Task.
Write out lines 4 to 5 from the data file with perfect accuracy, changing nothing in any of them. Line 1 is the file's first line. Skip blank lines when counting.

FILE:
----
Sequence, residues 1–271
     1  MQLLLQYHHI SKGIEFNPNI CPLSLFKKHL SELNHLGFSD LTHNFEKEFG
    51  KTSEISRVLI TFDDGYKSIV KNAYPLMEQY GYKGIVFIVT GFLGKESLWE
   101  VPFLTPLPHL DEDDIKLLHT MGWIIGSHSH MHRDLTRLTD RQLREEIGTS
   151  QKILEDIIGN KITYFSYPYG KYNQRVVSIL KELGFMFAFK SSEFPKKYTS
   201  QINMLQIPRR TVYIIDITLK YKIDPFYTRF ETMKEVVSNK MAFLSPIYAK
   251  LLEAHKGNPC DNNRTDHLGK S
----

   101  VPFLTPLPHL DEDDIKLLHT MGWIIGSHSH MHRDLTRLTD RQLREEIGTS
   151  QKILEDIIGN KITYFSYPYG KYNQRVVSIL KELGFMFAFK SSEFPKKYTS